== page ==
Running a small business in South Africa remains an exciting adventure. A 2016 study* found that small business is actually big business for our country: it is estimated that start-ups contribute between 52% and 61% to the GDP. The same study found that small businesses are also relatively successful: of the 400 business owners surveyed, 3 out of 4 believe they are making more money than they would have working for someone else.
If you are thinking of starting your own business or recently opened a start-up, here are some of our top tips for a successful venture.
Spreading the word
Marketing your new business can be time consuming and expensive but if you work smartly, you can get great results. Here are some cost effective marketing ideas:
‘Google’ your business, in other words complete a business listing on Google – this page will guide you through it. It will ensure that your complete business info appear when people are searching online.
Use testimonials: Don’t be shy to ask for feedback for a job well done and display these soundbites on your website, LinkedIn profile and email signature.
Work the power of word of mouth: If it suits your business, start a customer referral programme by offering a free product or other discount for every new customer that is introduced.
Enter a small business award: Even just being a finalist is something to mention – for example Entrepreneur of the Year, 702’s Small Business Awards and The South African Small Business Awards. If these competitions are too daunting, look for opportunities in local papers.
Don’t over-capitalise on equipment
Think carefully about each purchase you make for your business. Take advice from Bos Ice Tea founder, Grant Rushmere: “Don’t create anything that has only one use. Before you spend any money, ask the question: Can we use this in multiple places? Create assets that aren’t wasteful by being disciplined and putting thought into every spending decision.”
For example, you don’t necessarily need a fully kitted out office – there are plenty of co-working spaces where you can work at a very affordable rent. If you can’t afford to open up a shop or eatery, consider markets, pop-up shops, food trucks or offering online shopping. Sibusiso ‘Skinny Sbu’ Ngwenya started his successful Skinny Sbu business not with lots of equipment and stock but by simply buying and repackaging socks to test the market. Only when there was an established demand, he started producing his own socks.
Call the professionals
Something that is worth splurging on is the right professional advisor, from a tax expert and accountants to a knowledgeable insurance broker. The former can help you work out your tax liabilities to help prevent a cash shortfall, and point out ways to save money in your business. Small business insurance may feel like an optional extra but could mean keeping your doors open should disaster strike.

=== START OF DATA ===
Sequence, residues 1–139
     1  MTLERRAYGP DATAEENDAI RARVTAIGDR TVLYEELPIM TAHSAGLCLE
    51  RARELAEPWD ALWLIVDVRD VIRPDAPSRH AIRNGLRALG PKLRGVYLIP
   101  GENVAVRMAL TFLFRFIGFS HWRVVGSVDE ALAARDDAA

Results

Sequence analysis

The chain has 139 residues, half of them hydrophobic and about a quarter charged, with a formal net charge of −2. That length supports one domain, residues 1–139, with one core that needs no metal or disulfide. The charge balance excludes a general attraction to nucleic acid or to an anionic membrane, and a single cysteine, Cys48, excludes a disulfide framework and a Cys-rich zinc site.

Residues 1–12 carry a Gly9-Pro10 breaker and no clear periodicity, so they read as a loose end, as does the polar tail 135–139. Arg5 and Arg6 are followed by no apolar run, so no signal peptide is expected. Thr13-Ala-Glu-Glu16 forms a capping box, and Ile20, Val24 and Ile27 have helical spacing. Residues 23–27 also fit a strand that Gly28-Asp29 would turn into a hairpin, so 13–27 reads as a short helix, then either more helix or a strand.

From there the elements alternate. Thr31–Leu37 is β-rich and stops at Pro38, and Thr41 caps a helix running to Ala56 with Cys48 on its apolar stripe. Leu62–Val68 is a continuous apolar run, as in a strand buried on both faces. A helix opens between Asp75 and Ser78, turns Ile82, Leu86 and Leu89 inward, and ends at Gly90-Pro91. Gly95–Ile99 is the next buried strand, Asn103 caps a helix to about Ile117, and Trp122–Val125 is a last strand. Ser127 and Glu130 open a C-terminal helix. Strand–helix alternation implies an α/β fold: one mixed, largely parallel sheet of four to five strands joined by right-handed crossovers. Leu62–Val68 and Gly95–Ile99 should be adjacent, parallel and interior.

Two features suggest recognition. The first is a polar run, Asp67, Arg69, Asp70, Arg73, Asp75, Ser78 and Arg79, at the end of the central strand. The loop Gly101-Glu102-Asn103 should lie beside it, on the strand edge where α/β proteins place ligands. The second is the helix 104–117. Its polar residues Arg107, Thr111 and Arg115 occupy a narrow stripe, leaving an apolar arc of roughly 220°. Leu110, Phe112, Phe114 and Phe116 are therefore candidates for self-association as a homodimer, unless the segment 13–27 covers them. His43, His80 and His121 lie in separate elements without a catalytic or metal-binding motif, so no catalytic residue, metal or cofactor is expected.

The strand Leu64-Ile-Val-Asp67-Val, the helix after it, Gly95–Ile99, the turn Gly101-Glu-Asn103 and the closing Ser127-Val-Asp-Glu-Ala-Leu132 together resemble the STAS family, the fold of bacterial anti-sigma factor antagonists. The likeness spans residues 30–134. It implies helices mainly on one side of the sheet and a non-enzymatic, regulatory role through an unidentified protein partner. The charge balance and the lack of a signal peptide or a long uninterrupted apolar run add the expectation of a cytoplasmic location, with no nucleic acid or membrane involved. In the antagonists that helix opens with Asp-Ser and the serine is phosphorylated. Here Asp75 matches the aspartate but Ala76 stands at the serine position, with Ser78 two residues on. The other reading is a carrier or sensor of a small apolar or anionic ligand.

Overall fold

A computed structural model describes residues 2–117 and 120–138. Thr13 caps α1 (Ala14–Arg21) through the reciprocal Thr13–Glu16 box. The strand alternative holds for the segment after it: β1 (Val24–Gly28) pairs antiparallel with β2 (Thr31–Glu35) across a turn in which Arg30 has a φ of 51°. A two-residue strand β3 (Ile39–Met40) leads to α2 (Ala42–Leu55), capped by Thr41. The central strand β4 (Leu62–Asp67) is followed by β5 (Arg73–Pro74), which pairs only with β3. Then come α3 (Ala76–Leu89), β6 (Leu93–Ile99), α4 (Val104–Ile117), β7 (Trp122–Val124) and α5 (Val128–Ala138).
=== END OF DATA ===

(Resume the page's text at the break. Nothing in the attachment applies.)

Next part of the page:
Most of our 1001 days featured businesses agreed that a mentor truly helped them on their journey. Decide which former colleague, boss or client you’d like to learn from and make time for regular advice sessions – even if it’s a weekly or monthly phone call.
You could also hang out with like-minded entrepreneurs. Keep an eye out for free events such as MyBizExpo where you can hear inspiring talks and attend networking sessions. It’s taking place in Johannesburg at the Gallagher Convention Centre, 15-16 Feb 2017, at the Durban Exhibition Centre on 22 June 2017, and at the Cape Town International Convention Centre on 24 August 2017.
Time is a precious commodity for a small business owner so you have to be clever in how you spend it. Get an overview of all your projects with an easy-to-use project management tool such as Trello or Basecamp.
Block out an hour when you need to – no phone calls, no instant messaging, no checking emails – and put time aside in your diary to actively do marketing, get some exercise, come up with new ideas, etc. Apps like Evernote and Wunderlist can help you keep track of all your tasks and ideas, while RescueTime will show you exactly how much time you spend on each activity and show you where your time is being wasted.
Keep believing in yourself
Anat Apter, founder of falafel and schwarma franchise Anat, went from a R600 food trailer to being the owner of 25+ franchises around the country. “When you’re small, it takes chutzpah to get noticed.” For Anat, starting small, selling only the very best and keeping things affordable paid off.